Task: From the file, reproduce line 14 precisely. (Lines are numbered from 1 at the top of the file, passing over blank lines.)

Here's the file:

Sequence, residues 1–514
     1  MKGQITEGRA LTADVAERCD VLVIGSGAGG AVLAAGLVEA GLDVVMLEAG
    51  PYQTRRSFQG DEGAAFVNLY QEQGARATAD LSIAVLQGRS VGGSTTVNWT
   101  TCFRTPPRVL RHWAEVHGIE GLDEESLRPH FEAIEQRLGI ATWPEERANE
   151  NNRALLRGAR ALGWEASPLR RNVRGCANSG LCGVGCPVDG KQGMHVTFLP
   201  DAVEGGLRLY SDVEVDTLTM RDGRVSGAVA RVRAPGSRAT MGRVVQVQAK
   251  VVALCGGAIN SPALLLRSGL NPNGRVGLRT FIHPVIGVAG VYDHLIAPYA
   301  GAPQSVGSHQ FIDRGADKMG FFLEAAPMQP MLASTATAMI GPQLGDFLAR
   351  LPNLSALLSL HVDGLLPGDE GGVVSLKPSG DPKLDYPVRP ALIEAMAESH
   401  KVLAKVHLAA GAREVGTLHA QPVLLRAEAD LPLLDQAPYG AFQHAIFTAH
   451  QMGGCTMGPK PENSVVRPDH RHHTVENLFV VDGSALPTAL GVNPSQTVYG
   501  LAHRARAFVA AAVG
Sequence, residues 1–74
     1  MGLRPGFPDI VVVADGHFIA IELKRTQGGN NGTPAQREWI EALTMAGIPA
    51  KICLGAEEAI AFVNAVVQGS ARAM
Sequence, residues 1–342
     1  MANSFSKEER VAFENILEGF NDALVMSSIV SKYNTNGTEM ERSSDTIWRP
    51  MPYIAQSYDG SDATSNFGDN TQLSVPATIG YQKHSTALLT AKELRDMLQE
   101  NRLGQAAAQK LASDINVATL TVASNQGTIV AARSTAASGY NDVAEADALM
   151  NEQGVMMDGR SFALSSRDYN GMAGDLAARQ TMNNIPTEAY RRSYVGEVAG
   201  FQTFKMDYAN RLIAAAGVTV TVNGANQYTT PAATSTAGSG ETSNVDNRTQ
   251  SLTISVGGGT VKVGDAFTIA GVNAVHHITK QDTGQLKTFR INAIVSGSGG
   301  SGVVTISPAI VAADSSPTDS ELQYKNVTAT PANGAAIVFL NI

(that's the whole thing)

     1  MGLRPGFPDI VVVADGHFIA IELKRTQGGN NGTPAQREWI EALTMAGIPA